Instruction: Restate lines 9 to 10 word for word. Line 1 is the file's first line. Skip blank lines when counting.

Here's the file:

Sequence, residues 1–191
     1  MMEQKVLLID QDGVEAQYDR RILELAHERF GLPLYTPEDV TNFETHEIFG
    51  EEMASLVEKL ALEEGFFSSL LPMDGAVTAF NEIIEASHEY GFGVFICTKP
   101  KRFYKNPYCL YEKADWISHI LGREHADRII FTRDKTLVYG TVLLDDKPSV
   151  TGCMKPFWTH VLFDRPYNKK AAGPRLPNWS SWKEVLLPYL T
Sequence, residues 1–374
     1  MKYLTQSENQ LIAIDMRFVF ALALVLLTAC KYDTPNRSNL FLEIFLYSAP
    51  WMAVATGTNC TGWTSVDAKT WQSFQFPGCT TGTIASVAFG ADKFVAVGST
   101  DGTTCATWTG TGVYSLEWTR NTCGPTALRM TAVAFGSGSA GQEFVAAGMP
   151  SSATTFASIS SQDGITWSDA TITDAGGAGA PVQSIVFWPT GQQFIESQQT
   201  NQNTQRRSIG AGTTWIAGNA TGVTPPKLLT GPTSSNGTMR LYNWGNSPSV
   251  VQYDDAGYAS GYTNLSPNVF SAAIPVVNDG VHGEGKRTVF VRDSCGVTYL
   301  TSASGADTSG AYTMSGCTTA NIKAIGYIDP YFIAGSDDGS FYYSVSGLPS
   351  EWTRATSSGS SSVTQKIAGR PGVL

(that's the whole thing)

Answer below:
   101  DGTTCATWTG TGVYSLEWTR NTCGPTALRM TAVAFGSGSA GQEFVAAGMP
   151  SSATTFASIS SQDGITWSDA TITDAGGAGA PVQSIVFWPT GQQFIESQQT